Most software does that already! I’m using Reason 9 (a very nice electronic must program), and it can load song files from any earlier version of Reason – it’s backward-compatible. When a Reason 9 file is saved, it can’t be opened in an earlier version of the program, but there is normally no reason to do that.

The real issue, I think (see the caveat above), is that creating an IF system that would do this would be a huge job for the developer, and would also require more work from the story author. The incentive for developers, given the tiny size of the IF “market” and the total absence of $$$, is minimal. [Edit: Zarf’s essay confirms my speculation on these two key points.]

Thanks for your replies, guys. I’m just gonna forget all that :smiley: no time, no money, no skills.

The save file thing is a FAQ, so he’s automated the head-jumping process: Why IF Save Files Break.


No. The way the Z-machine or glulx machines are constructed, they’re really meant for in-memory execution. Although they could be adapted to having external data sources, that’s not how they were designed. It would be better, (not easier), to just build an engine without the virtualization.

There really is no technical reason to have virtual machines for IF anymore. Even mobile CPU’s can handle large execution cycles. And if you add functional cloud computing like AWS Lambda or Azure Orleans, massively scalable calculations are within reason.

Needless to say this is a passionate subject-matter to me. Not for any reason other than I’d like to see it tried to see what can be done differently. I wonder if some restrictions within the VM/inform/tads world can be removed (without adding other restrictions).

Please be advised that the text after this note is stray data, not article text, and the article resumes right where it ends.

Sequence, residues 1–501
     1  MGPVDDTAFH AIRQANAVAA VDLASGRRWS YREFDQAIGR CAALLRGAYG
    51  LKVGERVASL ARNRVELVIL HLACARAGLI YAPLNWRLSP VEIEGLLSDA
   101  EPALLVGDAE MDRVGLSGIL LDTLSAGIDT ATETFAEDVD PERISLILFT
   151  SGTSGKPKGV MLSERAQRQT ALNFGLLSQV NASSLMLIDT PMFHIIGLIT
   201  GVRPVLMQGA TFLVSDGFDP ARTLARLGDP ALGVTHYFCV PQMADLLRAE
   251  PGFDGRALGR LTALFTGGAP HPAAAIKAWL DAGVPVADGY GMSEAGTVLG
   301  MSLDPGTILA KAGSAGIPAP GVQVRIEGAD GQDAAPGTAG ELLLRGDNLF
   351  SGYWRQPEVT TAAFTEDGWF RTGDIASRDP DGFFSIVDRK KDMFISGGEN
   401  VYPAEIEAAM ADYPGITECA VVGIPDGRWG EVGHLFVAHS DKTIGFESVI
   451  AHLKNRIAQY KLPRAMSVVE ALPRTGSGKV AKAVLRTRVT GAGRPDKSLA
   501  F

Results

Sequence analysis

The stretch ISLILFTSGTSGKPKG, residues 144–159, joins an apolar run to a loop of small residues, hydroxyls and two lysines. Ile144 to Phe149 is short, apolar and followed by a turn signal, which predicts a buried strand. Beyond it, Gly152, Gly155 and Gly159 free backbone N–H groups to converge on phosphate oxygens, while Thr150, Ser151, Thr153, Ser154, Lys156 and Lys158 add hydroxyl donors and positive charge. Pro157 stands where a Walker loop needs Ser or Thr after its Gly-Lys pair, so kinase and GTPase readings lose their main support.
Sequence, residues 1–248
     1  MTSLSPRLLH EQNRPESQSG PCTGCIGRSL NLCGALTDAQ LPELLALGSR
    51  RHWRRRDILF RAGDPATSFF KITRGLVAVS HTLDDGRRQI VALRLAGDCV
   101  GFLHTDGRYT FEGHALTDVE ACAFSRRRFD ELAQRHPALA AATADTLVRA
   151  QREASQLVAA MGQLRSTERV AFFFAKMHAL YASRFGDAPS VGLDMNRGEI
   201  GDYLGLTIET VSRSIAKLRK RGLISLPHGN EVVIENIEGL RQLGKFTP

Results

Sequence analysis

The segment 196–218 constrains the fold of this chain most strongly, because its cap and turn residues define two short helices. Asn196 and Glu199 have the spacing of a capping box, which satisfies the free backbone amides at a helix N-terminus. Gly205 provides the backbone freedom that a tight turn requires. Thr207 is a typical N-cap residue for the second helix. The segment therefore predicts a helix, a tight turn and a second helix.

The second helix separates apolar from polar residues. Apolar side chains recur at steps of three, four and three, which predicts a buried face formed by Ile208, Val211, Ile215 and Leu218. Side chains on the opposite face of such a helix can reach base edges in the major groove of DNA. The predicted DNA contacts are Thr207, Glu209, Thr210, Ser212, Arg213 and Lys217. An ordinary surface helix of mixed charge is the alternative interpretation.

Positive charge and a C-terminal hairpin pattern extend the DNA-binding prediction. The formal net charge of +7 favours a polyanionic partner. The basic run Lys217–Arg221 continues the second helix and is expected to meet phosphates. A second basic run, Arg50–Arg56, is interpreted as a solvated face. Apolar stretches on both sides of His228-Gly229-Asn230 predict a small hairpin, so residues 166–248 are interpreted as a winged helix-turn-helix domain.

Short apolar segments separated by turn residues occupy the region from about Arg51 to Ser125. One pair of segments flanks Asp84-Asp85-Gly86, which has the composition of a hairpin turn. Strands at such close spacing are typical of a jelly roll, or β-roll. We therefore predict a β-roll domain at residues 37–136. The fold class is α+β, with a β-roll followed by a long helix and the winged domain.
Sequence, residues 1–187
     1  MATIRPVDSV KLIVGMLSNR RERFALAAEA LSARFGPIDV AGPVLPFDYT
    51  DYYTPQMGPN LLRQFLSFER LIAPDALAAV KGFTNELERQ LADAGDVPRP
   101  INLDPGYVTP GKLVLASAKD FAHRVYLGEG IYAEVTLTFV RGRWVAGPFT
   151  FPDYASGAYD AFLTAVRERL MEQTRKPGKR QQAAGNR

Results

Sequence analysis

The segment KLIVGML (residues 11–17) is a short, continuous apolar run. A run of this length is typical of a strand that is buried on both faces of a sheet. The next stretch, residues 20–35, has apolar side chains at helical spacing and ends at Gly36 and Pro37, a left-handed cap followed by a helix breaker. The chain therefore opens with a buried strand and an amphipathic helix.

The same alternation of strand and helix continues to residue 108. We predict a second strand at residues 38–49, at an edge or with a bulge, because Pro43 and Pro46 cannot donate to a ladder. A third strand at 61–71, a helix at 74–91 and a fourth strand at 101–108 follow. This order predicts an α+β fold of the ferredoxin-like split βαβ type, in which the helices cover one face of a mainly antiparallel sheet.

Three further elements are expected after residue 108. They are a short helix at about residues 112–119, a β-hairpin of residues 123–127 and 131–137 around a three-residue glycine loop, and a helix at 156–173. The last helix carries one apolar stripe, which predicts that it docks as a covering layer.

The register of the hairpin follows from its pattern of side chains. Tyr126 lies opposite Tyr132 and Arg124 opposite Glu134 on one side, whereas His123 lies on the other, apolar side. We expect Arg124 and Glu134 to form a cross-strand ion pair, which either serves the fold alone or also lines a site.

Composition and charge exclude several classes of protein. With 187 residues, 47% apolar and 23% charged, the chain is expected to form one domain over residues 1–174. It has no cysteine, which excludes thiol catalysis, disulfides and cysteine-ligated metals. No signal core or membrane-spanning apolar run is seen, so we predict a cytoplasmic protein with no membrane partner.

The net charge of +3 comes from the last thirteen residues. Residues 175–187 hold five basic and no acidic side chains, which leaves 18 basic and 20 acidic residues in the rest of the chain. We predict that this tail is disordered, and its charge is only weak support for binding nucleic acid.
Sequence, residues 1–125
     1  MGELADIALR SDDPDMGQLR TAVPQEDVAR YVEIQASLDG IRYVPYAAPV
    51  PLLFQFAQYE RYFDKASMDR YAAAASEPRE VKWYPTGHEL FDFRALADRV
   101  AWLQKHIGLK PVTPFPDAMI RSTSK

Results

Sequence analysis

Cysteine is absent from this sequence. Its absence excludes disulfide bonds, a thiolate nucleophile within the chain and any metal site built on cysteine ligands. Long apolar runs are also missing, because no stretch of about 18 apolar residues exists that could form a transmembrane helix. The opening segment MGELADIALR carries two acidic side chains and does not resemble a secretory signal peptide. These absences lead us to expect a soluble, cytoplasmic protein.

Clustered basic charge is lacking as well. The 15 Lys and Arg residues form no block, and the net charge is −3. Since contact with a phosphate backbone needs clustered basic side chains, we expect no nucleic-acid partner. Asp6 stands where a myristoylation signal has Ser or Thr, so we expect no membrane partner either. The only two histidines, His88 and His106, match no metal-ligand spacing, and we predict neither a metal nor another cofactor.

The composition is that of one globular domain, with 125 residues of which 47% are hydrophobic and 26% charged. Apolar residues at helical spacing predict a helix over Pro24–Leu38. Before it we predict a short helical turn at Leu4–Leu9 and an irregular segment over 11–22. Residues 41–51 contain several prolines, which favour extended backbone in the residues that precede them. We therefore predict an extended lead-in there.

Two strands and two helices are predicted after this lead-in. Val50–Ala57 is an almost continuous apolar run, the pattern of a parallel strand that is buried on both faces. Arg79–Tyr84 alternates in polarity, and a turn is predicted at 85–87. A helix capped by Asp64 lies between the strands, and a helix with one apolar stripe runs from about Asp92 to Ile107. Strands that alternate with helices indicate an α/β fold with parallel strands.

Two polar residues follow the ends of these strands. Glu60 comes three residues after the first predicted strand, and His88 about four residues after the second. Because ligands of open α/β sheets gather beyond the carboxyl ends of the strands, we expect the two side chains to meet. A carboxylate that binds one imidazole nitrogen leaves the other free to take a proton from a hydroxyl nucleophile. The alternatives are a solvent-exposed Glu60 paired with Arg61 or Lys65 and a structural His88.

I should point out this process doesn’t have to be quite as hellish as everyone’s making it sound, just Pretty Hellish… if you apply a bit of conscious attention to your material first and can design a few things with your goal in mind.

Do you really need to remember the state of everything? Or just important stuff?

For instance, if your game has a bunch of regular openable doors, will the player care if they flip shut between versions? Probably not. Most regular props and scenery can be allowed to snap back to the default state. Most console games used to work that way and some probably still do.

I’d say a typical start list is -

  • save all character stats
  • save the character’s inventory by the fact of what is in it (eg you save the fact that they have the Sword Of Smiting - then just put that object in their inventory at boot time if that flag says they have it)
  • save the important progress status of puzzles

And then you have to read these flags when the game starts and adjust some parts of the scenery accordingly.

So yeah, to minimise the amount of manual reconstruction involved, you need to design with this approach in mind. Make typical sure doors don’t need to be closed. Make sure typical food items can just replenish. Make sure the majority of items don’t need to hold vital stats, etc etc.